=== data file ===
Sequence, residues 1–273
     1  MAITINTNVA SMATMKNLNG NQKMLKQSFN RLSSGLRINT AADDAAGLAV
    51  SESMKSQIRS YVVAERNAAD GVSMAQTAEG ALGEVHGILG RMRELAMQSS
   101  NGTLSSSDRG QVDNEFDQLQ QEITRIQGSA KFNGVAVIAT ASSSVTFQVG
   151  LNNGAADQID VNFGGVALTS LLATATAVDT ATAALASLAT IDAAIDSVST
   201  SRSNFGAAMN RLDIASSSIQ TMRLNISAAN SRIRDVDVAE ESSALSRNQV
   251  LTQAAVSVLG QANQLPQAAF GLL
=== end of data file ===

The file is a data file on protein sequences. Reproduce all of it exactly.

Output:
Sequence, residues 1–273
     1  MAITINTNVA SMATMKNLNG NQKMLKQSFN RLSSGLRINT AADDAAGLAV
    51  SESMKSQIRS YVVAERNAAD GVSMAQTAEG ALGEVHGILG RMRELAMQSS
   101  NGTLSSSDRG QVDNEFDQLQ QEITRIQGSA KFNGVAVIAT ASSSVTFQVG
   151  LNNGAADQID VNFGGVALTS LLATATAVDT ATAALASLAT IDAAIDSVST
   201  SRSNFGAAMN RLDIASSSIQ TMRLNISAAN SRIRDVDVAE ESSALSRNQV
   251  LTQAAVSVLG QANQLPQAAF GLL